When you see or hear the abbreviation “IP,” it stands for Intellectual Property. IP is a key asset in a small business. Simply put, intellectual property is the ownership of concepts, processes, and ideas, as opposed to physical property which characterizes a tangible asset. IP is fast becoming the major delineator among business owners who are competing for market share and customers.
4 Basic Types of IP
There are four basic types of IP that small businesses often rely on.
This category encompasses everything from literary and artistic works to video and audio recordings to architectural drawings and computer code. Although copyright is the most common form of IP, it does not cover ideas or concepts unless they are written down, creatively rendered, or recorded in some other fashion. However, you can not copyright a book title unless it’s a book series. Though technically speaking, you don’t have to register a copyright in order for it to be valid, doing so is relatively inexpensive and gives you more solid legal footing should a dispute ever arise.
While copyrights focus mainly on creative works, trademarks protect anything that is related to branding. Things that can be trademarked include company symbols (like McDonald’s golden arches), names (like the Super Bowl), or logos (like the blue and white F for Facebook) – as long as it is distinctive (for instance, the name “AAA Plumbing” probably couldn’t be trademarked). Trademarks can be filed with the U.S. Patent and Trademark Office (USPTO) for a few hundred dollars or a bit more if you utilize a lawyer.
These days, patents are the least common types of IP among small business owners. That’s because patents only apply to invented products, processes, and methods which are determined to be “novel,” “non-obvious,” and “useful” according to federal statutes. Also, the patenting process with the USPTO can take months or years and cost thousands of dollars, and it always involves securing the services of a patent lawyer.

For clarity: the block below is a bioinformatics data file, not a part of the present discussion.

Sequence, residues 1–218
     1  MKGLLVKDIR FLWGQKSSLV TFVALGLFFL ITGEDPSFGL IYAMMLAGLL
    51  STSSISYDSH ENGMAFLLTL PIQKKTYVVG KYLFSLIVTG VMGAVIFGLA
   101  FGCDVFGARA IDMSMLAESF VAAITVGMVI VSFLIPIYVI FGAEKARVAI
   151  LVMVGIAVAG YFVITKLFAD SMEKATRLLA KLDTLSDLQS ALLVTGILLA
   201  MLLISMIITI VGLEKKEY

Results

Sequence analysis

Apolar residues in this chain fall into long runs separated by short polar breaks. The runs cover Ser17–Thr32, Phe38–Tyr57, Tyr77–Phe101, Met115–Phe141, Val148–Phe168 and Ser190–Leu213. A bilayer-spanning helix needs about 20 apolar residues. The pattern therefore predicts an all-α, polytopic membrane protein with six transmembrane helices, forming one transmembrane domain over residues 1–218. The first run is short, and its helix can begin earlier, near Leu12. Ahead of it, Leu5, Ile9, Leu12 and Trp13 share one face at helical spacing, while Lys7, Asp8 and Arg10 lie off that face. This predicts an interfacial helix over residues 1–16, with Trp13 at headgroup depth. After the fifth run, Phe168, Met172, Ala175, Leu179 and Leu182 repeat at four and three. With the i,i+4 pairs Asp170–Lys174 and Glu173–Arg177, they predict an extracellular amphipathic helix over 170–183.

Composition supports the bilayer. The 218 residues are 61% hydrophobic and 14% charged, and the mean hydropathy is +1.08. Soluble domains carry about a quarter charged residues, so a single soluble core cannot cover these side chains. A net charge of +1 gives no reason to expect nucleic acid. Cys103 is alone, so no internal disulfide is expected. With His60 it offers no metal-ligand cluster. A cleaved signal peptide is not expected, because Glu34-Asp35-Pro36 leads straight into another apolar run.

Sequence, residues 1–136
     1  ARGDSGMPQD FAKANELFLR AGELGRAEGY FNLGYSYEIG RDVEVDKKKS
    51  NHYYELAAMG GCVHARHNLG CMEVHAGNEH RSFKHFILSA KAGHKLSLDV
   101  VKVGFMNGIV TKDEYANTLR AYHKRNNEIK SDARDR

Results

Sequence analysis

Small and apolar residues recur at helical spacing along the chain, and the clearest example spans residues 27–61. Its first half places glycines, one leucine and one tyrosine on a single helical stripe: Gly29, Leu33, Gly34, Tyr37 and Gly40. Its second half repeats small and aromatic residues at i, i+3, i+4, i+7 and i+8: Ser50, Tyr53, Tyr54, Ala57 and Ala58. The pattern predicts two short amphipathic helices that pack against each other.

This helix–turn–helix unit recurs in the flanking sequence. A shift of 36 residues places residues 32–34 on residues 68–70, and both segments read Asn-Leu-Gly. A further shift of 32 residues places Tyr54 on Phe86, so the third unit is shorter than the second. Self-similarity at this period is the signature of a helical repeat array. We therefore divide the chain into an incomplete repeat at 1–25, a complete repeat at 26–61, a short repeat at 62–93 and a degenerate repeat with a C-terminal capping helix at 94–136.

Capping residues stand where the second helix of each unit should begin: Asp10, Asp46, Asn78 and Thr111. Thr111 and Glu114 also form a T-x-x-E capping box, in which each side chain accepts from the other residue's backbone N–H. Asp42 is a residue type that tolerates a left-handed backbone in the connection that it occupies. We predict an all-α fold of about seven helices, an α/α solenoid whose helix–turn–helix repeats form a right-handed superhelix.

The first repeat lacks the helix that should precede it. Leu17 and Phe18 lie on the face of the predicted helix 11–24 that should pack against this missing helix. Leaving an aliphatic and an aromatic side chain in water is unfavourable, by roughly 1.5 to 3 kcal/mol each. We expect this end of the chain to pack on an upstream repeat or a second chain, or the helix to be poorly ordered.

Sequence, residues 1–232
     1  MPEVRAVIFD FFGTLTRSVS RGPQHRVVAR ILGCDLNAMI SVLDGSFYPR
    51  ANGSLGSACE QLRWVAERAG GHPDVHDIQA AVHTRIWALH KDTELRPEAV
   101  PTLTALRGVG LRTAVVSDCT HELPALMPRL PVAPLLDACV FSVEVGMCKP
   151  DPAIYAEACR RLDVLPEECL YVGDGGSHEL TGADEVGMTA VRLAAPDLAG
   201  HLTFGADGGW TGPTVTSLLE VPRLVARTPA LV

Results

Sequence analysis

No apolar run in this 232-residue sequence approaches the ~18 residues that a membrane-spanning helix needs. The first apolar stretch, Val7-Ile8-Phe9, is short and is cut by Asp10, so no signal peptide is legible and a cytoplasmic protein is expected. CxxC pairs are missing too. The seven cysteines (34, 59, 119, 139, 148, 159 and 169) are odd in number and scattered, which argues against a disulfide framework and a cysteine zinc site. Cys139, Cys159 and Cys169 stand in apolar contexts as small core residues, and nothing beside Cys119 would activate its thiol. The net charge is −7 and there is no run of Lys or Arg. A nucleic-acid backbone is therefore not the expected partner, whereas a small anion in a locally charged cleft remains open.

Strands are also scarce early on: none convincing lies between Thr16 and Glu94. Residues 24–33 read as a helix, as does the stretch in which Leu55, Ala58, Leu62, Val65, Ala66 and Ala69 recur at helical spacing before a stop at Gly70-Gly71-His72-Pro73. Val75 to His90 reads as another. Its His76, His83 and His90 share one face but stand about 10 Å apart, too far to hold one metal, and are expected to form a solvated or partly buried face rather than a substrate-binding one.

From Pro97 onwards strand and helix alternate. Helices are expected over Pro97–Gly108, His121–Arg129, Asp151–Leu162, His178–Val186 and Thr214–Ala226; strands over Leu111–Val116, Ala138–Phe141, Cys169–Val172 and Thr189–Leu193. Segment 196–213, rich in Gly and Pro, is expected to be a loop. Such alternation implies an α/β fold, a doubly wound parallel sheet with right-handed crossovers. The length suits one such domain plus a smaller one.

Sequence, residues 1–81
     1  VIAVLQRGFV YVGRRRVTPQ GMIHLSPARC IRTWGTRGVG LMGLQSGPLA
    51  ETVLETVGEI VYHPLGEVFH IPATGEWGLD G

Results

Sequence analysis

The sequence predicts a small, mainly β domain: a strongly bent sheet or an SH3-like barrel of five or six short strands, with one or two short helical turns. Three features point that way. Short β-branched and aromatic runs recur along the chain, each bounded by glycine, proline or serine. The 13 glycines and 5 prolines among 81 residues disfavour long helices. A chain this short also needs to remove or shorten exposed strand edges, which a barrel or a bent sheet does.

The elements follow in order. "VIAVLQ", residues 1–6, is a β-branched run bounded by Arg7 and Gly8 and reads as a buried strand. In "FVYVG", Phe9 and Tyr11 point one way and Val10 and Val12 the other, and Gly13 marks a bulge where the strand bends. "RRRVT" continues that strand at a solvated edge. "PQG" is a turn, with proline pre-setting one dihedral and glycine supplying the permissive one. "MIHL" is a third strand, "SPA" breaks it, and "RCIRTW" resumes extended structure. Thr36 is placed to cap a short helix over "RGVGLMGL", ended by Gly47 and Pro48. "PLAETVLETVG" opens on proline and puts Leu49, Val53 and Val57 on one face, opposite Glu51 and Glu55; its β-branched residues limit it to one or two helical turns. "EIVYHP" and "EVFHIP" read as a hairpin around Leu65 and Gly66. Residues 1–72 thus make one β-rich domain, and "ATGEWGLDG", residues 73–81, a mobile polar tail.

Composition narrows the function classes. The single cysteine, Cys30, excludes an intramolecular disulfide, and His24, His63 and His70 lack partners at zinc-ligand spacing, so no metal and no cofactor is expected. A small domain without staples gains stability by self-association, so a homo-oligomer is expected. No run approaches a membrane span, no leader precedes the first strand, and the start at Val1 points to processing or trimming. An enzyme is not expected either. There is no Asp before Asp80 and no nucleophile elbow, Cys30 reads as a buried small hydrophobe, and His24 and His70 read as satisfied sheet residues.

4. Trade Secrets
This is a more nebulous classification that covers any type of process, recipe, formula, or design that gives your business a competitive advantage (like a family secret pie recipe, your unique 3D printing process, or Coca-Cola’s secret formula). Here’s the problem: the government doesn’t provide any registration process for trade secrets (which would defeat the purpose, after all), so it’s up to the small business to restrict access to its trade secrets. Legal relief only comes if the IP is leaked or stolen (which is theft) or an employee violates a non-disclosure agreement (which is a breach of contract).
Intensely Protect Your IP
Though the process for safeguarding or registering various forms of IP can differ depending on the company and the context, here are some general guidelines for how to protect your business:
- Do your homework. Identify your IP, categorize it properly, and know your rights and limitations.
- Don’t procrastinate. The USPTO operates on a “first to file” system, so even if you come up with the idea first, you’re out of luck if someone else registers it with the USPTO before you do.
- Seek expert advice. For complex IP types like patents and trademarks, hiring a who specializes in IP law to help you navigate the process.
- Monitor your IP rights. Once you have registered your IP, it’s up to you to watch out for infringements; the government won’t do it for you.
- Handle disputes wisely. If you find someone using your IP improperly, don’t automatically run to the courthouse. Consider sending a notification letter to the perpetrator; or if the revelation might actually boost your business, it may be prudent to ignore it altogether.
Overlooking your IP could have negative ramifications for your business. But don’t wait to find out you’re wrong by watching competitors leverage your creative ideas or logo to make money for their business. When it comes to IP, Prevention is worth a pound of cure.
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